For the last two years, the bloody conflict in Syria has careened toward a tipping point.
Ladies and Gentlemen, we may be there.
The timing of this is a little bit crazy:
A deputy national security advisor has announced that the White House believes the Bashar al-Assad regime used chemical weapons against the rebels in Syria.
The Pentagon has proposed a plan that would arm and train the rebels, as well as instill a limited no-fly zone over Syria.
And 4,500 U.S. forces are a stone throw away, in Jordan, conducting a training exercise with Jordanian forces.
President Obama said last year that if Syrian president Bashar al Assad used chemical weapons, it would be a “red line” that would precipitate direct U.S. intervention in the conflict.
“That would change my calculus,” Obama said. “That would change my equation.”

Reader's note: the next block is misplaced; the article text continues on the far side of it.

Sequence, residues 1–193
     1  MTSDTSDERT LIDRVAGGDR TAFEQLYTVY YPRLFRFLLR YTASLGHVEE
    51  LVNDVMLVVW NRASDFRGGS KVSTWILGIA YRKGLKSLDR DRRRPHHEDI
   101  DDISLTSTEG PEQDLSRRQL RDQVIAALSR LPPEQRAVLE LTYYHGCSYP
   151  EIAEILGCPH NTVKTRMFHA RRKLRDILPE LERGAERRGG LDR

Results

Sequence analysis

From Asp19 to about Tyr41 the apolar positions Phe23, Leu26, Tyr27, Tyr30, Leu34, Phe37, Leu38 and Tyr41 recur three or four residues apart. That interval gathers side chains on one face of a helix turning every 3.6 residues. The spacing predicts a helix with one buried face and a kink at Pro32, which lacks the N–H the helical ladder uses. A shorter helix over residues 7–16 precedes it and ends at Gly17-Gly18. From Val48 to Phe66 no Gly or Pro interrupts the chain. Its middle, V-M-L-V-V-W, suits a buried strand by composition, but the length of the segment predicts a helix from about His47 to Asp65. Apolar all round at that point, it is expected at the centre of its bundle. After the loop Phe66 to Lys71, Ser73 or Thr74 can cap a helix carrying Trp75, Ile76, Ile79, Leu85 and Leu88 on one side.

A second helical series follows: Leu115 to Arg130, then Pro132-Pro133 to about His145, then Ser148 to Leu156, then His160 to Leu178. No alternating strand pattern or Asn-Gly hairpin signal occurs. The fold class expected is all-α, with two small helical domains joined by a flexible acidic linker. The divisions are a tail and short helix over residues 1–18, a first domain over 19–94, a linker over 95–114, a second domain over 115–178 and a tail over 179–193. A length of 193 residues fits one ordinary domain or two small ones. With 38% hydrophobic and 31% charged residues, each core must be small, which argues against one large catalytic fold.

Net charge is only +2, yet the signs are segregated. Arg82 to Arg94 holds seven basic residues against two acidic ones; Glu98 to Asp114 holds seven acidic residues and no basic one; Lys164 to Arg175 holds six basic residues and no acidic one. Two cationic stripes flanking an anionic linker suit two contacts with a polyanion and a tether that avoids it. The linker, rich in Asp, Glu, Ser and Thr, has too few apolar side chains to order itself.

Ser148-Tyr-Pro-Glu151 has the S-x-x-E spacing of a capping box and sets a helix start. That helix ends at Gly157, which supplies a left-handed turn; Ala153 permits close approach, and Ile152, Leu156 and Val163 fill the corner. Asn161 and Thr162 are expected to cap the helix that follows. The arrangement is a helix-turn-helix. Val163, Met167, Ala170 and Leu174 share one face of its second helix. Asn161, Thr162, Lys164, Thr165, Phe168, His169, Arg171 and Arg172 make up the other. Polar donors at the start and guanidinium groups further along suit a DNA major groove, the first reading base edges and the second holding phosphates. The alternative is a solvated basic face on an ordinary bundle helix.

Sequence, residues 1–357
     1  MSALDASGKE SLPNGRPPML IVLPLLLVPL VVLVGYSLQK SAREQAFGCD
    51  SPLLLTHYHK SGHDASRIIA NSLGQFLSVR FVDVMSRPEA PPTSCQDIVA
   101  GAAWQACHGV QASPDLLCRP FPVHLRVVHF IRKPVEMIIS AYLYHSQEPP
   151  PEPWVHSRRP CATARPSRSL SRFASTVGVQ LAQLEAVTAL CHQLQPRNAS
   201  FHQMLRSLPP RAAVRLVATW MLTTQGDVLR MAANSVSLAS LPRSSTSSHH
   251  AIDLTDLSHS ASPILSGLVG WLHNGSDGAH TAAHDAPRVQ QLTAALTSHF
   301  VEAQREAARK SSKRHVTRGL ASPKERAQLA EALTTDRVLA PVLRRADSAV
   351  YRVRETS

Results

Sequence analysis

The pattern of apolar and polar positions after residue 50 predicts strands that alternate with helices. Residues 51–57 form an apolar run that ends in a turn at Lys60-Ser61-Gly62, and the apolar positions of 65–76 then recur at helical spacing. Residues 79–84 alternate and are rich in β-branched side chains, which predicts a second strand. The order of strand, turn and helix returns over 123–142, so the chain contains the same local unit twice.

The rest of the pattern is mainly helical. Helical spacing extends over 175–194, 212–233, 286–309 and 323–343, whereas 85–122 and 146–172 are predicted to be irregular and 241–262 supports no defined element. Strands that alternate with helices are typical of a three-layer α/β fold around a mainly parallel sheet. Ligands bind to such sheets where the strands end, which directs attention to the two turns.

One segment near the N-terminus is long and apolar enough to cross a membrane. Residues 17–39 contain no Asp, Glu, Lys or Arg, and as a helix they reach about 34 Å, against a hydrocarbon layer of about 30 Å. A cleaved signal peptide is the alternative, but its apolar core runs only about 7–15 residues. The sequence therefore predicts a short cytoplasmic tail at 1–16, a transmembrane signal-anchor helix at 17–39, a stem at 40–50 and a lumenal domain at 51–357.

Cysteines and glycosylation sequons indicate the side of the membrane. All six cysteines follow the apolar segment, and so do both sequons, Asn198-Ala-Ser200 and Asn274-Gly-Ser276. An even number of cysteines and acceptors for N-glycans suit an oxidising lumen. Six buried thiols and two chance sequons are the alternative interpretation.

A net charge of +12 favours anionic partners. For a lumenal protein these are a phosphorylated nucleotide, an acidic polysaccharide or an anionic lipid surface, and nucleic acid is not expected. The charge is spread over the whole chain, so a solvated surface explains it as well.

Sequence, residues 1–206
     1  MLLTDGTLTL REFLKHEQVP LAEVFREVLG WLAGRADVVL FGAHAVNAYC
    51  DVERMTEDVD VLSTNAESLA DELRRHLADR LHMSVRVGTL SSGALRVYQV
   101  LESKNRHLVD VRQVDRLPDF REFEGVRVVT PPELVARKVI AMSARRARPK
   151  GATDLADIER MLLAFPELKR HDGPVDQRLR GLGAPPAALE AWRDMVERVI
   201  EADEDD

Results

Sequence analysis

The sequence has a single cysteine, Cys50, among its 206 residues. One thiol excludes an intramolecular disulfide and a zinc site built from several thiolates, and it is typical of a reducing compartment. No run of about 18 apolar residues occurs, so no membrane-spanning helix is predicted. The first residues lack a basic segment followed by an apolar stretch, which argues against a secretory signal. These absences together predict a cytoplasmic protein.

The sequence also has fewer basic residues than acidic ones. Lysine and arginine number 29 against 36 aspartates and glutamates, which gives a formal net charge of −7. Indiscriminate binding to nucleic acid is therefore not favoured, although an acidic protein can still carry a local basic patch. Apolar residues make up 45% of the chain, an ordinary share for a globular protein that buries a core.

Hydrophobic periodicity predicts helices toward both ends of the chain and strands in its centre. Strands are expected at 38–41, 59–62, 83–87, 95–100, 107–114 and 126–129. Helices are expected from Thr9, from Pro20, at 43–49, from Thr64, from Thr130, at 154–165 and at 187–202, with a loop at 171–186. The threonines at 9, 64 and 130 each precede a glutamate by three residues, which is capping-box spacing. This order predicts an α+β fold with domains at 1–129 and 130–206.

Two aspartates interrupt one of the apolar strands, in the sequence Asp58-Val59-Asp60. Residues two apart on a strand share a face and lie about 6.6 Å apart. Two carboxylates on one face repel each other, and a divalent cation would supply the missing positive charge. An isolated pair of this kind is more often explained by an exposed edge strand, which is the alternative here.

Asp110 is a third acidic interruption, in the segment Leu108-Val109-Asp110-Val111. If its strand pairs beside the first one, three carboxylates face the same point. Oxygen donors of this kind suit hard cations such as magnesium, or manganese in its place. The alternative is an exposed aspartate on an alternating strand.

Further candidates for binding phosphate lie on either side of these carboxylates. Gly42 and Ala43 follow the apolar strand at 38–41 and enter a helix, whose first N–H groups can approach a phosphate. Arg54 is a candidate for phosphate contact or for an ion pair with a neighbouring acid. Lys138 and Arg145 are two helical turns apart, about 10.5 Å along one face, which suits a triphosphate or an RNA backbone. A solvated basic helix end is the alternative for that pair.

Presumably the situation in Syria now meets the criteria for U.S. military intervention.
Coincidentally, this comes three days into a 10-day military training exercise in Jordan that has 8,000 American troops, including a detachment of Air Force F-16s and Patriot missile systems within striking distance. The U.S. today committed to leaving the aircraft and Patriot missiles in Jordan after the conclusion of the exercise.
One of the hardest things about any large-scale military operation is moving assets into a strategic position. With Operation Eager Lion underway in Jordan, that seems to be taken care of.
Citing unnamed U.S. military officials, the Wall Street Journal has reported that the Pentagon has developed a plan to bring the Syrian rebels across the border into Jordan, and then keep the Syrian air assets at bay with a limited no-fly zone.
Under this plan, the U.S. would not need a U.N. intervention, which Russia has repeatedly blocked, since they would not enter Syrian airspace.
Depending on how much you believe in coincidences, it certainly seems that the forces in Jordan for Eager Lion would facilitate the execution of the reported plan to arm and train Syrian rebels.
But it’s all speculation at this point.
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